6. Amount of Docker volumes: MongoDB data, dumps, and metadata were scattered through several Docker volumes, and mapped to different filesystem folders. Merging these databases would allow the centralization of this data.

  7. Security and features: Upgrading to Mongo 4 would solve security issues and bring more features to improve DB performance and replication, like non-blocking secondary reads, transactions, and flow control.


To improve our production database and solve the identified limitations, our most clear objectives at this point were:

  • Upgrading Mongo v3.4 and v3.6 instances to v4.2 (all community editions);

  • Changing Mongo's data backup strategy from mongodump/mongorestore to Mongo Replication;

  • Merging Mongo containers into a single container and Mongo Docker volumes into a single volume.

And to get to these objectives, we defined the following plan:

  • Prepare applications for Mongo connection string changes;

  • Assemble a cluster composed of three servers in different data centers and regions;

  • Generate and deploy keyfiles on the filesystems;

  • Redeploy existing Mongo Docker containers with replSet argument;

  • Define network ports;

  • Deploy new 4 Mongo containers scaling to 3 (4 x 3 = 12) on a Mongo cluster;

  • Add new Mongo instances to the replica set to sync from old Mongo containers;

  • Stop Mongo containers from application servers and remove them from the replica set;

  • Migrate backups and change which server they read the data;

  • Merge data from four Mongo containers into one database;

  • Unify backups.

We will publish a second part of this tutorial soon, where we will go through each of these topics.


Some of the results achieved were:

  1. Fault-tolerance: Automatic and instant primary database switch.

  2. Data redundancy: Instantaneously synced redundant data.

  3. Inter-regional availability: Location disaster safeguarding.

  4. Cluster hierarchy: Mongo replication allows node priority configuration, which allows the user to order nodes by hardware power, location, or other useful criteria.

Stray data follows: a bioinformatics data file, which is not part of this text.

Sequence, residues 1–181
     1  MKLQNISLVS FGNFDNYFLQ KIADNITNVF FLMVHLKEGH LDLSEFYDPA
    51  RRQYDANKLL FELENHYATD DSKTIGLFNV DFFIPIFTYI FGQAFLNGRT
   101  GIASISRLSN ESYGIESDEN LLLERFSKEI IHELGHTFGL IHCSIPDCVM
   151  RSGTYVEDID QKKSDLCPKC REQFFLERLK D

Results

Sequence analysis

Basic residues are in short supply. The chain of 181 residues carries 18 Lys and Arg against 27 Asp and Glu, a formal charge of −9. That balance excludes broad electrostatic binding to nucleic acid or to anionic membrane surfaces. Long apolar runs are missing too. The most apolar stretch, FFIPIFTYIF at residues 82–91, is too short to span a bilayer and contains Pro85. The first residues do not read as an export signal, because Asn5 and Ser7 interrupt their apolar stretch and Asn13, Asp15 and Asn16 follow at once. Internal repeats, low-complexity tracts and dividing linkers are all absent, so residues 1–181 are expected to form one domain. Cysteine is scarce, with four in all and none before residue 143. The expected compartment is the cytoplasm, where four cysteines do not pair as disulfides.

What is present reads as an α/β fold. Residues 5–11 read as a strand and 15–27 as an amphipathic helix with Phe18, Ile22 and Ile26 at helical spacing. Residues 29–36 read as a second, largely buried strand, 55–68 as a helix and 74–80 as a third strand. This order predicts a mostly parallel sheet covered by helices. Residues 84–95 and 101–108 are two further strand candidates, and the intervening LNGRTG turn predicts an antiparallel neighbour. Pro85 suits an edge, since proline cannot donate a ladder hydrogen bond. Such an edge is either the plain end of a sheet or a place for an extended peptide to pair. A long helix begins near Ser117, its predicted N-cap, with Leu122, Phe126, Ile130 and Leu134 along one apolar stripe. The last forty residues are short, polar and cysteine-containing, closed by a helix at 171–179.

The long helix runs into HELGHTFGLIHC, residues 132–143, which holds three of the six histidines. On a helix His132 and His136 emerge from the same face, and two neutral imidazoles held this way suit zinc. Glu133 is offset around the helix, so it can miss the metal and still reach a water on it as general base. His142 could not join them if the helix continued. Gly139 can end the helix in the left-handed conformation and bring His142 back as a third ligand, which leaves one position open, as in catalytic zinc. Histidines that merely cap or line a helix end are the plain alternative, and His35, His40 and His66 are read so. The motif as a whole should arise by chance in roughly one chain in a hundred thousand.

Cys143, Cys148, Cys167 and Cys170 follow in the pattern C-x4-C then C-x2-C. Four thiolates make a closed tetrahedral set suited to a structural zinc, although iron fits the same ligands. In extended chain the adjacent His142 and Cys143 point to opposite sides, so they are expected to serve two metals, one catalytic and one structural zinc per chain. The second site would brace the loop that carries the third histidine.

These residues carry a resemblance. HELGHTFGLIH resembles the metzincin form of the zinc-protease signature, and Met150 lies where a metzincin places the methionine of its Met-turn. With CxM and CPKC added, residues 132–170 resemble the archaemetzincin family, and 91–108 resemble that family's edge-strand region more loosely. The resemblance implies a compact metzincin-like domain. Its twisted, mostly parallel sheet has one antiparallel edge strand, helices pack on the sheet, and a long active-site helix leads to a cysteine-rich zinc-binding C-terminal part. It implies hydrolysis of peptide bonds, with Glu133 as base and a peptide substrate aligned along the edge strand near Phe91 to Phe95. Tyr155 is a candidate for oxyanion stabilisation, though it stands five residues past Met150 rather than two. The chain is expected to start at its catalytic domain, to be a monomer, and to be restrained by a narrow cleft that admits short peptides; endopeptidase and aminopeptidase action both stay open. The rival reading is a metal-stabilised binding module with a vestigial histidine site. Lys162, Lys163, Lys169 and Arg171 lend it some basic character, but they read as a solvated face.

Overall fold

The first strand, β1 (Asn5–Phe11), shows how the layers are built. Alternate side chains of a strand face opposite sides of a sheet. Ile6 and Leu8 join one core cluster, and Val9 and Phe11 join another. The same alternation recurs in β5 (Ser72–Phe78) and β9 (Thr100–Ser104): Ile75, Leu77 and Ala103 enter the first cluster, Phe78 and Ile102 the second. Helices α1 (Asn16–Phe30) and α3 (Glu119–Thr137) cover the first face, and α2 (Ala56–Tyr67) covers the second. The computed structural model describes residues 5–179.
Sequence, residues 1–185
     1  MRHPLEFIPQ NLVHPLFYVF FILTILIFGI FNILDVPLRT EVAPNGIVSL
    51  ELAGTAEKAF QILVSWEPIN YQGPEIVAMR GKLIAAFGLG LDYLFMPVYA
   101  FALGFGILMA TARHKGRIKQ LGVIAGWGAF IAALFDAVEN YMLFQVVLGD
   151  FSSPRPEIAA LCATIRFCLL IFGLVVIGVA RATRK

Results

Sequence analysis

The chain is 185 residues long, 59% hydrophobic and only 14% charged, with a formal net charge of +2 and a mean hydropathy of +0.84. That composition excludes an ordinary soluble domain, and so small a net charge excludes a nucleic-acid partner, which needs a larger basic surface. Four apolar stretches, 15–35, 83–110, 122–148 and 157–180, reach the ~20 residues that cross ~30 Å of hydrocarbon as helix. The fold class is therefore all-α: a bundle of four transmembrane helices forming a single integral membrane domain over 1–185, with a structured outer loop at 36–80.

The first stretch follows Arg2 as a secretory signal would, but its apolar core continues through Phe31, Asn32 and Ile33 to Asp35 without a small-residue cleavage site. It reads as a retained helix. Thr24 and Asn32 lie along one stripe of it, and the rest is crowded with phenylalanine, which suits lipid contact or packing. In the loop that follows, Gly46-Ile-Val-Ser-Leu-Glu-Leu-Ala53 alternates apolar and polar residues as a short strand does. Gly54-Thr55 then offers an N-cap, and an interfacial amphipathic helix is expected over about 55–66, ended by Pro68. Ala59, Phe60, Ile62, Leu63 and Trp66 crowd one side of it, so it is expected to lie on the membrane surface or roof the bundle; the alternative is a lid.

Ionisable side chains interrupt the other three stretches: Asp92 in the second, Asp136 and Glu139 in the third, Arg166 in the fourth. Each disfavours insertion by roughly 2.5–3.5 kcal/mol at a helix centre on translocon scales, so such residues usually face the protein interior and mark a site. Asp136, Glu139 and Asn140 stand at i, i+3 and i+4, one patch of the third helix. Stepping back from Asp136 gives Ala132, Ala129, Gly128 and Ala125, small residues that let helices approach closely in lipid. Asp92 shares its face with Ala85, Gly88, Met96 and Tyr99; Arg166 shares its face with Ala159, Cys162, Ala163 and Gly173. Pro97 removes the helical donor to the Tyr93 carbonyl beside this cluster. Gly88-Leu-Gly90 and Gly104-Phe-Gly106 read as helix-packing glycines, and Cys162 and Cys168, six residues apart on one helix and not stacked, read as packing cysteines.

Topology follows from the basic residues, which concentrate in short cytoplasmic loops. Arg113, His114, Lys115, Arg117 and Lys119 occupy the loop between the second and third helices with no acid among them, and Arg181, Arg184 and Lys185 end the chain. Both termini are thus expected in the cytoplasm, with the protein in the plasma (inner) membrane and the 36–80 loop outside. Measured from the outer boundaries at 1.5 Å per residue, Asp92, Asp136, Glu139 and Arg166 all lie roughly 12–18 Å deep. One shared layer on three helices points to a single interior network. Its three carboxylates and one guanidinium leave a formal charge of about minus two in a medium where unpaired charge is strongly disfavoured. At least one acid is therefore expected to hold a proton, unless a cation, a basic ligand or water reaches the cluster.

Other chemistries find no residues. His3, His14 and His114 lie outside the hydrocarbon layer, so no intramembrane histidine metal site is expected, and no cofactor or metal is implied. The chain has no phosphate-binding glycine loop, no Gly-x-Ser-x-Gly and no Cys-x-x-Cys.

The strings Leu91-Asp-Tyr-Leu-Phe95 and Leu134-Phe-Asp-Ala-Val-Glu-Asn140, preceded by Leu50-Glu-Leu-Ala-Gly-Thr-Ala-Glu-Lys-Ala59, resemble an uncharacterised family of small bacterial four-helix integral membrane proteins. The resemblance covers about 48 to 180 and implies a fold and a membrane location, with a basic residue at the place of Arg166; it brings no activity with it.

5. Read operations balance: Read operations can be balanced through secondary nodes, like dashboard queries and Mongo-dumps. Applications can also be configured (through the Mongo connection URI) to perform read operations from secondary nodes, which increases database read capacity.

  6. Performance: Now that the memory used and cached is right for the system's needs, Mongo databases are hosted in dedicated servers, its version got bumped, and the cluster can balance read operations, performance improvements exceeded expectations.

New Production Environment

  • Production application servers should connect to the Mongo Production Cluster using a replica set;

  • The Mirror application server should connect to the Mongo Production Cluster and keep storing the most recent Mongodumps;

  • The Mongo Cluster secondary node should mongodump the cluster data to the Mirror environment, asking for it to another secondary node.



This post is more than about MongoDB replication on Docker. It is about a victory in stopping the infrastructure growth going in the wrong direction and having things done the way we thought they should be.

Much like a tree growing on a vase, we should plant it in a garden, where it can grow freely.

Now, we will watch that tree scale without adding a new vase every time it needs to grow and not be afraid of breaking them. That's what high availability clusters are all about — building an abstract module for the application layer which can scale and keep being used the same way.

The whole process was done with intervals between major steps, to allow checking if the new strategy was working for us. We are very glad to have all the problems in the before section solved.

Achieving this means that we are now prepared to scale easily and sleep well knowing that MongoDB has (at least) database fault tolerance and recovers by itself instantaneously — which lowers the odds of disaster scenarios.

Stay tuned for part 2, where we’ll explore the whole technical setup.

Meanwhile, you may like our post about Row vs. Columnar Databases or our full-stack tutorial on creating a Public File Sharing Service with Vue.js and Node.js.